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Indexed/Abstracted in: Chemical Abstracts, CINAHL, Current Contents/Clinical Medicine, EMBASE, PubMed/MEDLINE, Science Citation Index Expanded (SciSearch), Scopus
Impact Factor 1,111
Online ISSN 1827-1928
Hackett D. A., Johnson N. A., Chow C. M.
Discipline of Exercise and Sport Science, The University of Sydney, Lidcombe, Australia
AIM: The purpose of this study was to examine whether a high-volume compared to a low-volume whole-body resistance exercise session acutely impairs lung function.
METHODS: Fifteen competitive male bodybuilders (age 27.4 ± 5.4 y; body mass 89.7 ± 12.8 kg; stature 177.9 ± 4.8 cm), in a crossover trial, completed two resistance training protocols (high-volume: 5 sets per exercise; low-volume: 2 sets per exercise) and a control session (no exercise) on 3 separate occasions.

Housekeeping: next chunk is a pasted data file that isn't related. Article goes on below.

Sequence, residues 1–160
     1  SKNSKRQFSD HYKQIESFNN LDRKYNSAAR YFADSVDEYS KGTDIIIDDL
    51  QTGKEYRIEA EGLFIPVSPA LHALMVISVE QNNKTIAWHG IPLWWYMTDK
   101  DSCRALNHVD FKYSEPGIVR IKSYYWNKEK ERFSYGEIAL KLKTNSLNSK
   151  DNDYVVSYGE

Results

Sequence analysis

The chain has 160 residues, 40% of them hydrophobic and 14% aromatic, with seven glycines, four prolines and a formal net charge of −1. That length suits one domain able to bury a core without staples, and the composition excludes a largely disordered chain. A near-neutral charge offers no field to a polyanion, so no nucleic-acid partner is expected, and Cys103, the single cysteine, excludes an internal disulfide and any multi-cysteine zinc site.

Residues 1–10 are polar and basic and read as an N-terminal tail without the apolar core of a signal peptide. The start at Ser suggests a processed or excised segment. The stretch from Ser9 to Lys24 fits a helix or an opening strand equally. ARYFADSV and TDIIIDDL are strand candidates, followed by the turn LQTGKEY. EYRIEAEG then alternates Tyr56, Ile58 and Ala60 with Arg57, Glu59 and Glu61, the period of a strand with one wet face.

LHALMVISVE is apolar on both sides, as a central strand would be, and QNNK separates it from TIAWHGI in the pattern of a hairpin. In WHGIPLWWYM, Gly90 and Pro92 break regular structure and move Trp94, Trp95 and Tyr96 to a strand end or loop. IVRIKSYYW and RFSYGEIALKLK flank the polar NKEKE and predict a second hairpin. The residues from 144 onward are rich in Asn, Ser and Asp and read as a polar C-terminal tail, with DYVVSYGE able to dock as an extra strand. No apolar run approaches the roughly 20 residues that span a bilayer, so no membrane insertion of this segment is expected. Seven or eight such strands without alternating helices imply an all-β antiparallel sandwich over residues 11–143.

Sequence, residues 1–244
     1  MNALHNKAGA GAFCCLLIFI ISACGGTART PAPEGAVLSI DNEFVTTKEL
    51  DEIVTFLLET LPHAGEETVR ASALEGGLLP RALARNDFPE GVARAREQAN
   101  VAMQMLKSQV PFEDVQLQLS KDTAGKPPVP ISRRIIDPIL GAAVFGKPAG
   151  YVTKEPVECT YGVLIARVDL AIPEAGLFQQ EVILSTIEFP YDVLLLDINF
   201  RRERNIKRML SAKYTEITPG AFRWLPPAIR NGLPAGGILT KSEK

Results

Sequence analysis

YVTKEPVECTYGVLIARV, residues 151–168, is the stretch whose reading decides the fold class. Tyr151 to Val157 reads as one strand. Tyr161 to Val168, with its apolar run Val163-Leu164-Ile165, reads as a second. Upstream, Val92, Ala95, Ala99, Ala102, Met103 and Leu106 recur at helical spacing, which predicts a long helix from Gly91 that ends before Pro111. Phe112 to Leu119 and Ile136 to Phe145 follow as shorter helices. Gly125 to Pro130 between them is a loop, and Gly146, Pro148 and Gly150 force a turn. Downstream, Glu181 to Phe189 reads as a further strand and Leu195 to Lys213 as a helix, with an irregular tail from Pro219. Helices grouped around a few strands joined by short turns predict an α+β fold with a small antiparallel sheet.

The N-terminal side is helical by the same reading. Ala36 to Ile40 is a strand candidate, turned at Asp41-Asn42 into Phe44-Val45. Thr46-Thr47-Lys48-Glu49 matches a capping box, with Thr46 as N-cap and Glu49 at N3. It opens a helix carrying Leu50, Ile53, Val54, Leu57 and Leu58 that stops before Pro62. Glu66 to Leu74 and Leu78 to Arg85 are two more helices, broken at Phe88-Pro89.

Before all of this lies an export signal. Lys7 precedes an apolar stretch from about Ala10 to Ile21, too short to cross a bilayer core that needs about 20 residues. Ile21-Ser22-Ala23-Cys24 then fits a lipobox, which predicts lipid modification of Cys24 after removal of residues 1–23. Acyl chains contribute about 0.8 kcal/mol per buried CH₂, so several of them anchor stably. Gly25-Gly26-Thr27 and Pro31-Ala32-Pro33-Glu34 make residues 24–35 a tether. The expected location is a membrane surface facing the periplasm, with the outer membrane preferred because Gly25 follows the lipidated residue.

RESULTS: The physiological demands of the two resistance exercise sessions were significantly different as indicated by greater VE, VO2, and HR (P<0.05), and lower PETCO2 (P<0.05) responses for the majority of exercises during the high-volume compared to low-volume session. No significant differences were found for lung function measures (FVC, SVC, FEV1, FEV3, FEV6, IC, ERV, and MVV) between pre- and post-session for the low-volume and high-volume sessions.
CONCLUSION: The findings suggest that the ventilatory muscle demands of a strenuous resistance exercise session are not great enough to acutely affect indices of lung function.